CORE CONCEPTS PART 1 History and Geography CORE

CORE CONCEPTS  PART 1 History and Geography CORE

CORE CONCEPTS PART 1 History and Geography CORE CONCEPTS 1.1 MEASURING TIME Historians are people who study events in the past A) Using a Timeline Historians use a timeline or a line marked off with a series of events and dates.

Timelines are used to put events in a chronology or a list of events in the order in which they occurred. Timelines cover a day, a year, a decade (ten years), a century (one hundred years), a millennium (one thousand years), or any other period in history. A period is a length of time singled out because of a specific event or development that happened during that time. B) ORGANIZING TIME

The past is often split into two parts, prehistory and history. Prehistory is the time before humans invented writing. History refers to written history, which began about 5,200 years ago. History can also be organized by beginning with a key event from the past.

CONTINUE One event many people use is the birthdate of Jesus. Years before this were labeled B.C for before Christ or B.C.E. for before common era. Years after Jesus birthdate are labeled A.D. meaning anno Domini or in the year of our Lord. Also used is C.E. for common era

The Jewish calendar counts the years since the creation of the world, according to Jewish tradition. The Islamic calendar is dated from the year that the prophet Muhammad moved to the city of Medina. Jewish Calendar Islamic Calendar CONTINUE

Mayan and Aztec had calendars for farming and religious purposes Today we mostly use the Gregorian calendar with 365 or 366 days a year. It is based on the movement of Earth around the sun.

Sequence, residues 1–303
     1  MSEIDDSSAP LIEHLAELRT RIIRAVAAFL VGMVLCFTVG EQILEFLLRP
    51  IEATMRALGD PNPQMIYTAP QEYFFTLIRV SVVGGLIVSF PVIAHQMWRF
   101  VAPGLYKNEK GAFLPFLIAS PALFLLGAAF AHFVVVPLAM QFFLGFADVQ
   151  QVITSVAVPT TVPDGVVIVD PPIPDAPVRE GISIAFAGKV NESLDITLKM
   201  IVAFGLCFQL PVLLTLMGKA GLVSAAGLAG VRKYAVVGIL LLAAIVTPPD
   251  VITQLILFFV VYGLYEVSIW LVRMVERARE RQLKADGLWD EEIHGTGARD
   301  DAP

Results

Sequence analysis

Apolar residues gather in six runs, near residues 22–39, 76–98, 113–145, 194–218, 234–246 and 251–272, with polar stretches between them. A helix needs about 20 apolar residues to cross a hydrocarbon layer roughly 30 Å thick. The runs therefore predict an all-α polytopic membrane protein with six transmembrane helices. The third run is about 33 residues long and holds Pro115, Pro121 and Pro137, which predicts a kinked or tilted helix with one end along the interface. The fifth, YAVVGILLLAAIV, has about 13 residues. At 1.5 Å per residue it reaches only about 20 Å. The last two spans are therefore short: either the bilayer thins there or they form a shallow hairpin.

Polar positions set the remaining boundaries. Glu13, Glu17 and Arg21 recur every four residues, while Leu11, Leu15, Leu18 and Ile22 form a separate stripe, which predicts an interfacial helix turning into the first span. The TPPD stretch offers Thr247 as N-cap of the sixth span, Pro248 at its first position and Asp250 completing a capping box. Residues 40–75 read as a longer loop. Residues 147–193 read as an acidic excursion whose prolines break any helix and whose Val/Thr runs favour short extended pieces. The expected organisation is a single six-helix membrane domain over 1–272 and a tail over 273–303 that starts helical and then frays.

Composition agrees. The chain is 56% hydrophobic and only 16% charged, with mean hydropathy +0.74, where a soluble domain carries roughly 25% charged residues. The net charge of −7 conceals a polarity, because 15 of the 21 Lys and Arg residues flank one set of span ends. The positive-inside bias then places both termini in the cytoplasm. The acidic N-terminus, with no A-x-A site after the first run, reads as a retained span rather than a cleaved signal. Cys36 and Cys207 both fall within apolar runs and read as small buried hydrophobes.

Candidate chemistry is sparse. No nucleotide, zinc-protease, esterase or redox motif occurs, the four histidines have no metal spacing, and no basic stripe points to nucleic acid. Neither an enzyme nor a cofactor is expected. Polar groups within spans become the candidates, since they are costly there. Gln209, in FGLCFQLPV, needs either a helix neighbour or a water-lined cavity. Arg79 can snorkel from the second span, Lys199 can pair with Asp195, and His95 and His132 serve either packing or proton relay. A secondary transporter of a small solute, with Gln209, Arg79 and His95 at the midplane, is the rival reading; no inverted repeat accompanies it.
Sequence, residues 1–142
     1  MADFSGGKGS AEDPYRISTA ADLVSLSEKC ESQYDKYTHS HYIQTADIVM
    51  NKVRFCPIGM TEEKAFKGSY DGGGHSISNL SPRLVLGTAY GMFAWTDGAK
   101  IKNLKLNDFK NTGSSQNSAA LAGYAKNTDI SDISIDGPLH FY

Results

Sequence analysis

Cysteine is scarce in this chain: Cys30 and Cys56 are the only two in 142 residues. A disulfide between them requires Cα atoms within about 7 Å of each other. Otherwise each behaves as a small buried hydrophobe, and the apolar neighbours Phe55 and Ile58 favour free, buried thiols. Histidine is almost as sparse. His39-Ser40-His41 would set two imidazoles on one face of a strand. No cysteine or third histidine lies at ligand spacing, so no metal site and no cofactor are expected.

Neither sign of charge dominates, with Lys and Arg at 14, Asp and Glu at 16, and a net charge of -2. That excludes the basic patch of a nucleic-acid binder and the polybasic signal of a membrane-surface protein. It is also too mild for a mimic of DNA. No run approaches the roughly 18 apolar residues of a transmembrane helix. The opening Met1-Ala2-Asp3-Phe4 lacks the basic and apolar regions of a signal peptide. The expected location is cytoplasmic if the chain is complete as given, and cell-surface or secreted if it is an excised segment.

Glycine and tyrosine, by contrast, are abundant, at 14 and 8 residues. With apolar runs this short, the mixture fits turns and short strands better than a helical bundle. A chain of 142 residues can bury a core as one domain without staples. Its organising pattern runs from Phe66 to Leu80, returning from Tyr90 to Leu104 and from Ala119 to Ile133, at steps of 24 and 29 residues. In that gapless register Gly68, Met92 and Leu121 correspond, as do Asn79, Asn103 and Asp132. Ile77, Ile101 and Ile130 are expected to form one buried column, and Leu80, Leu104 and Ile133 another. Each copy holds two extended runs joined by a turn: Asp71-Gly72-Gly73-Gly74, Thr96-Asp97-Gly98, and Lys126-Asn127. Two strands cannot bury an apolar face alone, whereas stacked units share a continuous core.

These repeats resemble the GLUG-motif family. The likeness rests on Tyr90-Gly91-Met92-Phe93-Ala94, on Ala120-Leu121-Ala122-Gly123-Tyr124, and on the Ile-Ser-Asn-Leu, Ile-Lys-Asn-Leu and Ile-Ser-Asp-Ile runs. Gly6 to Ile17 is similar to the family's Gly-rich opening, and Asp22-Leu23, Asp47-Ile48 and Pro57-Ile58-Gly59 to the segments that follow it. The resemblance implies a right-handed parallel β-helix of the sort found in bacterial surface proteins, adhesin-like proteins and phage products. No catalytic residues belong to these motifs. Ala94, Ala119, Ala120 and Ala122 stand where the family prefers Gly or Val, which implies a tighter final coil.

The Jewish calendar is based on the sun and moon and has 353 to 385 days. The Islamic calendar is based on the cycles of the moon and has about 354 days. THE END CORE CONCEPTS 1.2 HISTORICAL SOURCES

To understand past events, historians study historical sources A) Primary and Secondary Sources A primary source is information that comes directly from a person who experienced an event. It can be what they write, say or create about the event They include letters, diaries, speeches, photography and artifacts An artifact is an object made by a human being, such as a tool or weapon. Primary sources are used to understand

events from the point of view of the people Primary Source CONTINUE A secondary source is information about an event that does not come from a person who experienced that event. This includes books, articles, movies, or other sources that describe or make sense

of the past. B) EVALUATING HISTORICAL SOURCES Historical sources do not always give a true account of events Even a primary source can be wrong or misleading, as personal opinions may have influenced what they wrote about the event